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How To: Recovering Chair Cushions

My first tutorial!  The first of many, I hope.  This one in particular is something I know a lot about because I've done it more than 5 times.  That makes me a know-it-all...right?  ;)

Chair cushions, next to painting, are a super easy way to bring something fresh and new to your kitchen nook, your front entry, or wherever you plan to put the chair(s).   The set I show you in this tutorial are from my farmhouse table project (check it out here: http://diylori.blogspot.com/2013/03/my-very-first-diy-post-farmhouse-table.html).  The seat boards on the original craigslist purchase were in decent shape.  All I needed to do (to feel good about re-using them---they were a little wet) was air dry them for a full day on my back patio which gets lots of sun.   Good as new!

Let's get started, shall we?

What you'll need:
1. Seat boards.  If you cannot re-use the originals, measure each chair individually.  From what I've experienced, you never know when "identical" anythings mean "not that identical."  Get each board cut to their individual specs.  The Lowe's in my area will cut boards for you, so ask around if you don't have a saw at your disposal.  NOTE: You will need to screw holes into the boards (pressboard is what I have) if you get new ones.  Line the boards up to where they will be installed onto the chairs and mark where the screws will go in.  Then you can drill the holes.  Ready for step 2.
2. Poly-fil Foam.  You can choose whatever thickness you desire, but I typically go with the 1" thickness.  To save money (which we all like) get the giant roll of 24x72x1.  Walmart and Hobby Lobby have it for about the same price.  Joann has more options for foam that you can get cut to the specs you need, it was just easier for me to buy a bag of it.  I did buy 2 just in case I messed up....I do that a lot. 
3.  Your fabric!  The fun part.  choose a fabric that you love.  I'm not going to tell you what color or type to get because it's really "to each is own" so you get whatever make your little heart sing.  I will put in my two cents and say that vinyl and duck canvas (even out door type canvas) work fabulous in kitchens and places where the chairs will get a lot of use.  You can spray scotch guard upholstery protection on any of your cottons if you are concerned about stains.  I will say that stains come out with a little water and a little scrubbing or some Incredible stain remover works great too...says the mommy of two kids under the age of 5!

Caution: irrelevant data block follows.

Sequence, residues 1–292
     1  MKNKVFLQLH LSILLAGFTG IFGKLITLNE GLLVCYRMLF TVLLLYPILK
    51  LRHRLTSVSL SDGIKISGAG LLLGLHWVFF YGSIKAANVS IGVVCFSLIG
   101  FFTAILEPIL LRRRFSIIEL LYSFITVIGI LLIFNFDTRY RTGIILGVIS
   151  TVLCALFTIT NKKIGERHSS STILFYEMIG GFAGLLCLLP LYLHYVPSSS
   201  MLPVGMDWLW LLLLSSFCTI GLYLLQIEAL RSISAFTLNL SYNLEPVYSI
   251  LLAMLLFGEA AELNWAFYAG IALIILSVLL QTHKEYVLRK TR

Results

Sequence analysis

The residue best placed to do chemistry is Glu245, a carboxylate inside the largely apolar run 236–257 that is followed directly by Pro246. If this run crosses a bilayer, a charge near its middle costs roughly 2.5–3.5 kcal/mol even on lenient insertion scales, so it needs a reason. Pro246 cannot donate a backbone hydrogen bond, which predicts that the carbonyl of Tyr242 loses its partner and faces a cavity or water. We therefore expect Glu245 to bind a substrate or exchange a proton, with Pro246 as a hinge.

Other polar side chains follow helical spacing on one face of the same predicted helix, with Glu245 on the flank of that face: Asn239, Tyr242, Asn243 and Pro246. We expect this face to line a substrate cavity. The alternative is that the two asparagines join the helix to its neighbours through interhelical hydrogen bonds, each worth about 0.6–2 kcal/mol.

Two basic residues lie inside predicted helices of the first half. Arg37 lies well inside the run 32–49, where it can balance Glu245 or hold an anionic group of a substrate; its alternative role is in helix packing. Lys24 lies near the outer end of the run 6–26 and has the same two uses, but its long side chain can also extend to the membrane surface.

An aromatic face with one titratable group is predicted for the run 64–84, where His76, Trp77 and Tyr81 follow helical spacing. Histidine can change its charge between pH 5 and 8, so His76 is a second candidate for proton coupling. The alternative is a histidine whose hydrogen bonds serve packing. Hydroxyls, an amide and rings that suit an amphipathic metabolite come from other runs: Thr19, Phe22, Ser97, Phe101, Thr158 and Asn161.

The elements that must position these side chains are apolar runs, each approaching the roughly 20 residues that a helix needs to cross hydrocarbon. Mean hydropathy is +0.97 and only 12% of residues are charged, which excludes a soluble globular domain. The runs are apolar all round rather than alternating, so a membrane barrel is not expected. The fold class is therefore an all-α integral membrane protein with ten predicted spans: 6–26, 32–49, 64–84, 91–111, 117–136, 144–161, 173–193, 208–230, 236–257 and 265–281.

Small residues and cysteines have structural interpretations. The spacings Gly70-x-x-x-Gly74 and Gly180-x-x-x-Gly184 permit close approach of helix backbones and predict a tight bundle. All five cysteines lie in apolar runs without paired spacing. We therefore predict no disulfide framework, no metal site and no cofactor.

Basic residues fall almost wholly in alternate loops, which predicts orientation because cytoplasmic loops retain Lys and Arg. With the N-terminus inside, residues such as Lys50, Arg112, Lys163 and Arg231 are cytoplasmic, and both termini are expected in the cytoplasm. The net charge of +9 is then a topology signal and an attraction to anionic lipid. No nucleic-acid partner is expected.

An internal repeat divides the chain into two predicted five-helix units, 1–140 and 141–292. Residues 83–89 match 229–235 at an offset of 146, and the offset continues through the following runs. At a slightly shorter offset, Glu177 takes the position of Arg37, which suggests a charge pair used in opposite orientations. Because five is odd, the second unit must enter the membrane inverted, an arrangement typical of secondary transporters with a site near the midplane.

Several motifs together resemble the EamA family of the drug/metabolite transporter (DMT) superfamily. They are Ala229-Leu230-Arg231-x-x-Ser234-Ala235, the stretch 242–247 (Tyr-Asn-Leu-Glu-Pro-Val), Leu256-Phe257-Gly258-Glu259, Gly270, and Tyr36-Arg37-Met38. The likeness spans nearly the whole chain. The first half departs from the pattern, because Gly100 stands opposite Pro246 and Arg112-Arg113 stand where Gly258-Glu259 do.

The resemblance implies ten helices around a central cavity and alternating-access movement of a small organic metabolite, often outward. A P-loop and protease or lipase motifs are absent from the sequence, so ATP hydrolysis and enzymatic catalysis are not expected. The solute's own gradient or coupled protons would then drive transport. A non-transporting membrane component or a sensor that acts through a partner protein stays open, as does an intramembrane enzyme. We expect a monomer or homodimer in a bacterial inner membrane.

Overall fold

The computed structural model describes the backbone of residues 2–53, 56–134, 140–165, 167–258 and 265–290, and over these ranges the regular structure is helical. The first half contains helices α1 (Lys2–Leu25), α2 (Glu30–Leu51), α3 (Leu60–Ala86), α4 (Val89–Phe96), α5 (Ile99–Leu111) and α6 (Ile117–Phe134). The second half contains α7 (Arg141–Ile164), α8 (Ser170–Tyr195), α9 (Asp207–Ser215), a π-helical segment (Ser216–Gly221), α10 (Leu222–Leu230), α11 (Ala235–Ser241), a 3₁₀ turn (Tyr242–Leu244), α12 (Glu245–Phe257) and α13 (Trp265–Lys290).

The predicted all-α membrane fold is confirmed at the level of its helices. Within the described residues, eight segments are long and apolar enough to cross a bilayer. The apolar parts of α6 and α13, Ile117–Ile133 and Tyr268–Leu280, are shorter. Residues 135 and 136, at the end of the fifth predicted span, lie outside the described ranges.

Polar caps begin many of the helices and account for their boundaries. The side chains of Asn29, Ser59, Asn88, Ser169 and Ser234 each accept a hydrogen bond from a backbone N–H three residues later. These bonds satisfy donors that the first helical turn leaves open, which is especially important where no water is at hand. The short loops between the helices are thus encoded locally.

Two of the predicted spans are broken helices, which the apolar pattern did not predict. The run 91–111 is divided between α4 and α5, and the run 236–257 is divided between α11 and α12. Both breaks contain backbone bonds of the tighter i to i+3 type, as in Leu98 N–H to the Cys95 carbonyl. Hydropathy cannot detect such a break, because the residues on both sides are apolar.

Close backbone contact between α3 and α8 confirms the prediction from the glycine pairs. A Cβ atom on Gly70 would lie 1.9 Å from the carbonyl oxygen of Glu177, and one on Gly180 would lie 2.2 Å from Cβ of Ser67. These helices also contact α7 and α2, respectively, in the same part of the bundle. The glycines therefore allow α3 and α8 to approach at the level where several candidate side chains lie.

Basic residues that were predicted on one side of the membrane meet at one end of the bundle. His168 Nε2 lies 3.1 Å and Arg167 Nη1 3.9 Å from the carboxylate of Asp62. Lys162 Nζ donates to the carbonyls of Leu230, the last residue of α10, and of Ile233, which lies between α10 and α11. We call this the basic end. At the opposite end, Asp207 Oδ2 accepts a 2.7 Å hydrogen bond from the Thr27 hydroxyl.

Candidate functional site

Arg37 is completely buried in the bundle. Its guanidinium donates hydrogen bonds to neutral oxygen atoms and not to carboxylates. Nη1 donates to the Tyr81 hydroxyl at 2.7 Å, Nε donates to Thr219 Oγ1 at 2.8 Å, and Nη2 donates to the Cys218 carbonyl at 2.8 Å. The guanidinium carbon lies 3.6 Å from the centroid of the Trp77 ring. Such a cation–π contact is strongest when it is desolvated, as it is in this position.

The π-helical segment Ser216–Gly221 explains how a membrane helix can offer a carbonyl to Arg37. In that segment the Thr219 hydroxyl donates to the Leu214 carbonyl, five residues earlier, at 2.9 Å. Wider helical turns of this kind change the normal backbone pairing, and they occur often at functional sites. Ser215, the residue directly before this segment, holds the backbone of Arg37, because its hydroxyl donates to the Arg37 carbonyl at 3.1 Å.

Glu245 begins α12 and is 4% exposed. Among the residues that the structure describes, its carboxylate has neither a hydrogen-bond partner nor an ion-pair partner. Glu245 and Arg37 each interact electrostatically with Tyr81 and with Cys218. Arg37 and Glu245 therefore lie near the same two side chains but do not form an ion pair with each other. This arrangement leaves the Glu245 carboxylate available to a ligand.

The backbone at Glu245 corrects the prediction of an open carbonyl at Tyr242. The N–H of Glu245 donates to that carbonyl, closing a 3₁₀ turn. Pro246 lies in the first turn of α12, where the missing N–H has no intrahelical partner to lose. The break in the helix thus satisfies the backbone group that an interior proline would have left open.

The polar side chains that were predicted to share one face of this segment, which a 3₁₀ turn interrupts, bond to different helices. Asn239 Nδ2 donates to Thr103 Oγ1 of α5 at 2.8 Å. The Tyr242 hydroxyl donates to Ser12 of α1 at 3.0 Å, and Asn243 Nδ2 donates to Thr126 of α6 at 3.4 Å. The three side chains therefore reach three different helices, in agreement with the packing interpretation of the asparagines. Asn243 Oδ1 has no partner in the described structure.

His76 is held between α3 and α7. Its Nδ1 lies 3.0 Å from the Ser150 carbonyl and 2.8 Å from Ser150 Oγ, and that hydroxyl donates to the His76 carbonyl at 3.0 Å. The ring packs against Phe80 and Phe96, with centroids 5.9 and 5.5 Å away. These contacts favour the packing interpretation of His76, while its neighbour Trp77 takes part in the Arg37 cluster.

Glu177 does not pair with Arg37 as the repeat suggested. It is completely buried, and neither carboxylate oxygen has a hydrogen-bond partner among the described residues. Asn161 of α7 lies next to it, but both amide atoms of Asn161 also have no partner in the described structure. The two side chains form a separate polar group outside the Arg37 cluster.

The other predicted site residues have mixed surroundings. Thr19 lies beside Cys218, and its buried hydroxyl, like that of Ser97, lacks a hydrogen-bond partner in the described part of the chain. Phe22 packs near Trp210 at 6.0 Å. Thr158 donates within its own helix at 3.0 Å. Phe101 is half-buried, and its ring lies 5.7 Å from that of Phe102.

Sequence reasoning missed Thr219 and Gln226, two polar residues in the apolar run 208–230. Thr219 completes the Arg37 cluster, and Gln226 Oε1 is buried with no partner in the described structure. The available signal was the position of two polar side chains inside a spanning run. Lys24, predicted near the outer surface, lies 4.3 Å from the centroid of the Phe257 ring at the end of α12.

4. Scissors and Staple Gun + staples.  A good set of fabric scissors and semi-good quality staple gun really makes a difference.  Invest if you are going to want to do more of the wonderful projects that involve fabric and there are a LOT.


Step 1:
Lay out your seat boards and measure your foam.  I usually complete one seat before cutting out anything else just for my own sanity.

Step 2:
Start stapling, pulling to make the foam taut.  What helps me is by securing two parallel sides, pulled tight.  Staple all along each side to make sure it is secure, in the corners fold and tuck making sure to staple the fold so that you cannot see it when you flip it over.  NOTE:  Don't cover your screw holes!


Here is is on the flip side.



Step 3:  Cut the fabric out.  I always cut the fabric to the measurement of the seat with foam on it because, obviously, it changes the thickness of the board.  Staple the same way you did for the foam.  NOTE:  Again, don't cover up your screw holes!  Yea...I did do it once.


This is what it looks like on the beautiful side!


 At one point in this project I had a little helper collecting staples. :)


This doesn't happen often, but sometimes I get a boo boo.  This happened cause I did SIX chairs in one sitting.  ouch.  Leaning to take breaks...


Step 4:  Installation time!  These are the chairs that I got at walmart.com (for this super sweet deal: http://www.walmart.com/ip/Virginia-Cross-Back-Chair-Set-of-2-White-Natural/6022592?findingMethod=Recommendation:wm:RecentlyViewedItems) after my other chairs, I discovered were going to be a disaster.  Luckily for me these were the perfect size for my pre-made seats!  I took the original seats off --they were butcher block style wood (to be used in another project-nothing goes to waste here!) and installed mine with ease and my husband's beast of a drill.  See it making an indentation on my couch!

Flipped upside down and screwed in.


 Finished!  Yay, Mommy!


I hope this tutorial was informative and not too drawn out.  I'm still learning to condense my explanations of ...all things. :)  It really is an easy and inexpensive project depending on the price of your fabric (did you know Joann has an app now????  with coupons galore???  download that sucker right now!).  The price also goes up depending on the amount of mistakes you make.  Trust me.

If you are looking for a beginner DIY project to start your creative juices flowing, this is a good jumping off point.  Learning to do this will give you the confidence to take on things you might not have thought possible before.

Now get started!
Have a great day!
Lori

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